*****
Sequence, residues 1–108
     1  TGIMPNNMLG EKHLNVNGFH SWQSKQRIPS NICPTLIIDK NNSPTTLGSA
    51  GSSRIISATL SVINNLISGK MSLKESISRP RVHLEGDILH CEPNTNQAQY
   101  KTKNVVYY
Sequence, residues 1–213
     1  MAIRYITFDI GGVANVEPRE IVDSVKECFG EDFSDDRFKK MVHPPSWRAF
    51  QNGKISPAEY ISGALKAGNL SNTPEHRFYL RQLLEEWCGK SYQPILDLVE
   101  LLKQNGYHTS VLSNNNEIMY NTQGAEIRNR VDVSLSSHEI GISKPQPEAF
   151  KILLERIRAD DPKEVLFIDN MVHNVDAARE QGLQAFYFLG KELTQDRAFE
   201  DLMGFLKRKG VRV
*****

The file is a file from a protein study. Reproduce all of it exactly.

Sequence, residues 1–108
     1  TGIMPNNMLG EKHLNVNGFH SWQSKQRIPS NICPTLIIDK NNSPTTLGSA
    51  GSSRIISATL SVINNLISGK MSLKESISRP RVHLEGDILH CEPNTNQAQY
   101  KTKNVVYY
Sequence, residues 1–213
     1  MAIRYITFDI GGVANVEPRE IVDSVKECFG EDFSDDRFKK MVHPPSWRAF
    51  QNGKISPAEY ISGALKAGNL SNTPEHRFYL RQLLEEWCGK SYQPILDLVE
   101  LLKQNGYHTS VLSNNNEIMY NTQGAEIRNR VDVSLSSHEI GISKPQPEAF
   151  KILLERIRAD DPKEVLFIDN MVHNVDAARE QGLQAFYFLG KELTQDRAFE
   201  DLMGFLKRKG VRV